My friend Dina says that she only knows one happily married couple from among her friends. The most frequent case she sees is wife is working in order to pay for big house, two cars, etc. and wife is denying husband sex, which makes him disengage from the marriage. A working wife tends to not be as responsive to the needs of husband and kids as a non-working wife, probably in part due to work stress. There is an epidemic of sex-withholding by women, and it causes men to disengage from marriage because they feel unloved. Although women tend to rebel against the idea that the man’s bad behavior is their fault, and that there is a “contractual” nature to marriage, that is how marriage works. You cannot stay married, women, by just doing whatever you feel like, and NOT doing whatever you DON’T feel like. Men will disengage when their needs are not supplied, and that’s no fault of theirs. It’s your fault. Denying relationship obligations causes men to underperform.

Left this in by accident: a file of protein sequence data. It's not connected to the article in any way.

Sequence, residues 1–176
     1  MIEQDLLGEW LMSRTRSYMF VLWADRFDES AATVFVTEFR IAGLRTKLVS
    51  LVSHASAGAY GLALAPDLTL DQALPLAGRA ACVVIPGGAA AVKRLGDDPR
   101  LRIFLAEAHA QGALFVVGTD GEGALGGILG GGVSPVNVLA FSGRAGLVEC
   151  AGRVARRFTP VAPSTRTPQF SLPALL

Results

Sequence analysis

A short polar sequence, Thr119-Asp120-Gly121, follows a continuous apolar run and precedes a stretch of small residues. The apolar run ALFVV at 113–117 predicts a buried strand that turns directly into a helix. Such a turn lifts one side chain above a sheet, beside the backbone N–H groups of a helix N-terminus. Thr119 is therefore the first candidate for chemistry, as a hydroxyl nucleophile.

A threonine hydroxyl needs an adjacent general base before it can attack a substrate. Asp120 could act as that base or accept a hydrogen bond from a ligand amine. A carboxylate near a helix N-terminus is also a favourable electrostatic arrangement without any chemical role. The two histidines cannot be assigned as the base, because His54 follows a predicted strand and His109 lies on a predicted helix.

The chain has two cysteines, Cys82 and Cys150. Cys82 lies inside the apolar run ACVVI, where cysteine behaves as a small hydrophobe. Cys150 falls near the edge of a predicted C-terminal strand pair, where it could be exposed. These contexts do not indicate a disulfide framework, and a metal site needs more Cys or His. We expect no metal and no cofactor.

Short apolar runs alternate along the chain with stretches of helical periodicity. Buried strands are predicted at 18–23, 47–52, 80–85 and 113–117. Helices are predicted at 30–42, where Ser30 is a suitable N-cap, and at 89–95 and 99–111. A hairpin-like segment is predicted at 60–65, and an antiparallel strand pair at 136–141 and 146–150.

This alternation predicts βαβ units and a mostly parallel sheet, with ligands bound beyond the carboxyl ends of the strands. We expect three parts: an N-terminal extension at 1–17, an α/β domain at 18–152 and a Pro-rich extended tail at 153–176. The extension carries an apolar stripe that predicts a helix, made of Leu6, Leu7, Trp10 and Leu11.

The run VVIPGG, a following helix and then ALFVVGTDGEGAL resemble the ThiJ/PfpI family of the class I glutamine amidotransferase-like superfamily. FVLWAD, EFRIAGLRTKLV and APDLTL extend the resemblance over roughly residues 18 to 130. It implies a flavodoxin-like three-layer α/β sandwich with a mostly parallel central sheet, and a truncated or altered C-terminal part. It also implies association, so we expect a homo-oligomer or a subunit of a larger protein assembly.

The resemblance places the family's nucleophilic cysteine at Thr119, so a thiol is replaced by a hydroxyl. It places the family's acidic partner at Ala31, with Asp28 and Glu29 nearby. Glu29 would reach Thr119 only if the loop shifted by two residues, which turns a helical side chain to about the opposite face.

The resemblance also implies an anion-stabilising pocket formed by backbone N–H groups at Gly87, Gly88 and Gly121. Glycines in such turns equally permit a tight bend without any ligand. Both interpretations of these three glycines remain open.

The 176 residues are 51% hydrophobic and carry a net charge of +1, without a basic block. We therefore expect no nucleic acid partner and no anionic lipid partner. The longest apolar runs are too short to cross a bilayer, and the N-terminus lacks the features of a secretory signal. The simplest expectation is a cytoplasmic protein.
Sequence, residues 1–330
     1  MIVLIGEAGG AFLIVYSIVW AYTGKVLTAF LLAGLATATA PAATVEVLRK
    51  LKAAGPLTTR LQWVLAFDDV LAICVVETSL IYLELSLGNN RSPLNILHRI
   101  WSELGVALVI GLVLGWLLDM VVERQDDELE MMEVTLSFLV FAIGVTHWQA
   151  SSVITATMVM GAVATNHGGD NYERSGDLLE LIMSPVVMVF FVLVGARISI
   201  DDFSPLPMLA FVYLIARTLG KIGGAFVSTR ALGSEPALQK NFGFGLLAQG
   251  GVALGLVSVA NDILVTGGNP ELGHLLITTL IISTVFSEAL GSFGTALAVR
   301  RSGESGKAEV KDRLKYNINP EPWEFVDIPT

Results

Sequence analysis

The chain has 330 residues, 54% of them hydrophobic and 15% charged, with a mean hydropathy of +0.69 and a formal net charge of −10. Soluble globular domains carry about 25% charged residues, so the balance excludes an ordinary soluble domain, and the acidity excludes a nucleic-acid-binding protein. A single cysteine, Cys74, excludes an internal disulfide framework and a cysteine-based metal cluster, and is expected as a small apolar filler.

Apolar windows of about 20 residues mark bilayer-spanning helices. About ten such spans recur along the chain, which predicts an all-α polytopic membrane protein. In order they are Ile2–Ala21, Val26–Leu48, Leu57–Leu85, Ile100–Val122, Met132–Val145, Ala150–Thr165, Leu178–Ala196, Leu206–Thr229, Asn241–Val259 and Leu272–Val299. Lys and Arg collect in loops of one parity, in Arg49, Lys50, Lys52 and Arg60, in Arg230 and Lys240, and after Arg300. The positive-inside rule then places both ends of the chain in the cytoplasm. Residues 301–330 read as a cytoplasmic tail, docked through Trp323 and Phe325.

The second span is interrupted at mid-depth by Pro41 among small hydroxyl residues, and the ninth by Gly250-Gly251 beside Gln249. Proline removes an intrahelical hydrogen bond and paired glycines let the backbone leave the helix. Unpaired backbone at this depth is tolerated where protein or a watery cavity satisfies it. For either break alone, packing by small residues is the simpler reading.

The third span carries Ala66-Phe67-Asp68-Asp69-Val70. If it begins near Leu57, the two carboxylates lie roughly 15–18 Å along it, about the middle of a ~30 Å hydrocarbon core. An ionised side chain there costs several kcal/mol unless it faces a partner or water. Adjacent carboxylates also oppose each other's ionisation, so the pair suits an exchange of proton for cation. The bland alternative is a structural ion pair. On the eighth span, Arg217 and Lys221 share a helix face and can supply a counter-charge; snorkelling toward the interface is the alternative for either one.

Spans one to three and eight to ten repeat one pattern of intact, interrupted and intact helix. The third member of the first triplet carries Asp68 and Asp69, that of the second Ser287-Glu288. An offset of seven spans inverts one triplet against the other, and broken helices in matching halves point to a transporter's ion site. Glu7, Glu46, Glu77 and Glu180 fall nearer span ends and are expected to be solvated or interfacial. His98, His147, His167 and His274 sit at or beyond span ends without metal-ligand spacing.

Feminism is often linked closely to “independence”. There is a lot of confusion over what the word independence means among young, unmarried women. A man uses that word to mean “lack of financial dependence on parents, the state, etc. because of good decisions in education, career and finances”. But a woman means “not having to care about the needs of a man and the leadership of a man, or the needs of children while still getting what I want from men and children”. That attitude is not compatible with life-long married love.

Emotions are bad